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Children with spinal muscular atrophy (SMA) need care from experts in several medical fields. The Spinal Muscular Atrophy Program at Boston Children’s Hospital brings together a comprehensive team of specialists who are experienced in caring for children with SMA
We hold a dedicated SMA clinic once a month so that your child can receive all of his or her SMA-related care in a single visit. This multi-disciplinary approach means that our various specialists work closely with each other and with your family so that your child’s care is well coordinated.
Physicians and researchers at Boston Children’s Hospital make clinical innovation and research on SMA a priority. We work every day to improve the care we provide to our patients and their families.
Spinal muscular atrophy (SMA) is a genetic condition in which the muscles throughout the body are weakened because the cells in the spinal cord and motor nerves do not work properly. Approximately 10-16 people out of every 100,000 children are born with this condition.
The severity of this condition varies greatly between individuals, so the diagnosis of SMA is broken up into three main groups. These are referred to as SMA type I, SMA type II, and SMA type III. The type of SMA a child has is determined by the highest motor function the child achieves.
While these three types are all considered to be part of the same disease with one genetic cause, there is great variability in the severity of the condition and the challenges an individual with SMA faces.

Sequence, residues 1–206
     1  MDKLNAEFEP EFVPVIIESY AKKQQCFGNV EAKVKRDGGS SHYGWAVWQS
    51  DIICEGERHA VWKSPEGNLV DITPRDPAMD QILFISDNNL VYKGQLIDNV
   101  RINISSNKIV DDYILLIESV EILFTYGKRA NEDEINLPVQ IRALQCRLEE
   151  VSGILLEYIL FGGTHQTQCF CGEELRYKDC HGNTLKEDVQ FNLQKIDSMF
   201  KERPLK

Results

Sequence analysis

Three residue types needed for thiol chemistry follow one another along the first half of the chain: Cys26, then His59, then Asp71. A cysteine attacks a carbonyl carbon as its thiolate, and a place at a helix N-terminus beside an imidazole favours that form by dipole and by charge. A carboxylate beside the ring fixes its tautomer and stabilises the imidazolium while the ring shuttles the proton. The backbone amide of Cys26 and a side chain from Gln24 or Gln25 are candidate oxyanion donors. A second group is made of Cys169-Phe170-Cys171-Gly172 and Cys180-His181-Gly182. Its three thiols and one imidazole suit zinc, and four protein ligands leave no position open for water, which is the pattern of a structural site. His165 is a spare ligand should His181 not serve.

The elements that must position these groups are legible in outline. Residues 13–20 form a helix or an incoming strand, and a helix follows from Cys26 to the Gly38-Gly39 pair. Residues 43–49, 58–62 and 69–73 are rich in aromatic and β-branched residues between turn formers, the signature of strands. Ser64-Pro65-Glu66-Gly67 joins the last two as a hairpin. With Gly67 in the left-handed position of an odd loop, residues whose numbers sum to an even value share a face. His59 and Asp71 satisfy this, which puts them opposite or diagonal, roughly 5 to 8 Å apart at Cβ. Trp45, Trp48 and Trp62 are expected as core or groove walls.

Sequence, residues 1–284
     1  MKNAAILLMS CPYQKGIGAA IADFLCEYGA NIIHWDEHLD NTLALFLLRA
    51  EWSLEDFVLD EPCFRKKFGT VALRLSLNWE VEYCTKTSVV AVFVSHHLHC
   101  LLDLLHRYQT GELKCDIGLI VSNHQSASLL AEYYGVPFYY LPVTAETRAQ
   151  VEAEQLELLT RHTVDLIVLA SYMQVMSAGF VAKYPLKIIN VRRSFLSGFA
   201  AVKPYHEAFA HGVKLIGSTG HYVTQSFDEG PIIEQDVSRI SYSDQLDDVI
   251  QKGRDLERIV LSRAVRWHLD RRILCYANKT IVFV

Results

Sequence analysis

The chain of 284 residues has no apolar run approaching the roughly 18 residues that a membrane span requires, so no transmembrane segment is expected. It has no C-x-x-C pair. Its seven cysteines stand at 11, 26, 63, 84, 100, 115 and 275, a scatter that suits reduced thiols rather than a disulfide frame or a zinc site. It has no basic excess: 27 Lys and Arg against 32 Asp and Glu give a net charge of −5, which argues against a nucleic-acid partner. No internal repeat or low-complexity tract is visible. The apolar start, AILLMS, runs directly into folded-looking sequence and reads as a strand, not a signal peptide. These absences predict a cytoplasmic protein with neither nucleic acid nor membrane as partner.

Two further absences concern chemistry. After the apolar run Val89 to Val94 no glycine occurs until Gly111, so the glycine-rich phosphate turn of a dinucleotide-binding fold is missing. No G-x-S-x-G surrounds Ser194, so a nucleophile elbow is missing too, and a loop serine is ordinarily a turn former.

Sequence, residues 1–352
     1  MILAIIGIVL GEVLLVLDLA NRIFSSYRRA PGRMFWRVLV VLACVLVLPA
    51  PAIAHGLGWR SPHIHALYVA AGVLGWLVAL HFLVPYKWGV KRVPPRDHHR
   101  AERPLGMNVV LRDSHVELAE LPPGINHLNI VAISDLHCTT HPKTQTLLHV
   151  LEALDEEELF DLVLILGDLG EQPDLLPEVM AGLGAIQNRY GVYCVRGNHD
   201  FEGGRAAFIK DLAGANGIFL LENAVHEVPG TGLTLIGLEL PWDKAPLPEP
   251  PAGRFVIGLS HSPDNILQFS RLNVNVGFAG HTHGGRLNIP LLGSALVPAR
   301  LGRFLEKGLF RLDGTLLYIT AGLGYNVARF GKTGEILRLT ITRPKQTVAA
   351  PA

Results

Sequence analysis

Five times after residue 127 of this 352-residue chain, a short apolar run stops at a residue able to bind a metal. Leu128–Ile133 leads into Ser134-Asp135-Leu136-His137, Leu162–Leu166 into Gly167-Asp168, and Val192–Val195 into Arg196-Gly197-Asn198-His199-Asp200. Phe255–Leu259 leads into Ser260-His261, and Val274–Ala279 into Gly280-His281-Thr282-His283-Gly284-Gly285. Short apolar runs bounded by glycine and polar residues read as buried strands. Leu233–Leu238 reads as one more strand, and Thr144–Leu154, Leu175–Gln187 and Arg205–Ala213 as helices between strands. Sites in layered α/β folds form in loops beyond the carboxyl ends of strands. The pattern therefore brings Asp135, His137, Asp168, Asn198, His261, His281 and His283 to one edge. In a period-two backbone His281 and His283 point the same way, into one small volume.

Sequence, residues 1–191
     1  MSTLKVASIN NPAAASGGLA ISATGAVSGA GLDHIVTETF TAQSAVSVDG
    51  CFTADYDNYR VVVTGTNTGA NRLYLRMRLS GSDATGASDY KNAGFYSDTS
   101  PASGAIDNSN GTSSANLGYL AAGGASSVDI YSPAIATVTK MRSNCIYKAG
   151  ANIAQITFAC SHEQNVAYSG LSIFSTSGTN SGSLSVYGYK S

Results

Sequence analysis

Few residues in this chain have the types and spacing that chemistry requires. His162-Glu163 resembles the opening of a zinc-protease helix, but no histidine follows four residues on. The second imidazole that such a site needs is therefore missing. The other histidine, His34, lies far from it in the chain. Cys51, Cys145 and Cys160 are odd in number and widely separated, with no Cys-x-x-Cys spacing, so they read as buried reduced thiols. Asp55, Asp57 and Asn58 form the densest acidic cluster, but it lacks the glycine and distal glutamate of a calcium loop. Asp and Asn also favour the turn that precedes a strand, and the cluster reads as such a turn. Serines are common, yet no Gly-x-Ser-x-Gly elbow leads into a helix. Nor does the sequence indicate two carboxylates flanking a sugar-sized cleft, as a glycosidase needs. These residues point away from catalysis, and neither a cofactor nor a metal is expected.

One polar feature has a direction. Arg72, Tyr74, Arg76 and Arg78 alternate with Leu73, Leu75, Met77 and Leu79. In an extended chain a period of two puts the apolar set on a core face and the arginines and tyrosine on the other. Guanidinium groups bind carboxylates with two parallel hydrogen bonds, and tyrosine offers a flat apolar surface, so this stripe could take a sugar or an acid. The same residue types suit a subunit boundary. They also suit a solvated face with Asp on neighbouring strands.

Our Spinal Muscular Atrophy Program at Boston Children’s Hospital is devoted to providing comprehensive care for children with spinal muscular atrophy (SMA). The program brings together specialists from a variety of fields including:
Our core team of physicians, specialists and therapists sees patients together once a month. When you come for an appointment during this clinic, your child will be seen by three teams of specialists:
1) Neurology, Orthopedics and Physical Therapy
3) Respiratory/Pulmonary care
The clinic allows you to meet with all of your child’s SMA-related providers during a single visit. It also gives us the opportunity to evaluate your child’s health as a whole, and to talk with your family so that we can make the best decisions moving forward as a united front.
Our SMA clinic time also gives you a chance to meet other families affected by SMA, if you wish, and to learn about research opportunities.
We have a network of specialists who are experienced in caring for children with SMA. For example, a child with SMA who needs anesthesia for a surgical procedure can have complications because of weakness in his or her respiratory muscles. Because of this, we work with several Boston Children’s Hospital anesthesiologists who understand SMA and have expertise of how to safely provide anesthesia for our patients. See the Meet our team tab for a list of the specialists we collaborate with.
For families whose children are facing an especially difficult prognosis, we put them in touch with the Pediatric Advanced Care Team at Boston Children’s. This group can provide comfort for you and your child and support as you make choices about treatment.
We use a number of different tests to help us accurately diagnose your child and evaluate his or her condition. Our program takes advantage of several superb clinical and laboratory resources at Boston Children’s:
Electromyography (EMG) and nerve conduction velocity (NCV) studies are performed to record the activity of muscles and motor nerves. Children’s has its own EMG laboratory, which is staffed by the neurologists in our program.
Genetic testing is done right here in the Boston Children’s Genetics Diagnostic Laboratory.
Our SMA Program at Boston Children’s is supported by the Spinal Muscular Atrophy Foundation.
How two young sisters cope with a rare muscle wasting disease
Boston Children’s Hospital’s SMA (Spinal Muscular Atrophy) Center was singled out as one of the top centers in the country in an ABC News report on a family’s struggle to get the proper diagnosis and help with their daughter’s rare illness.
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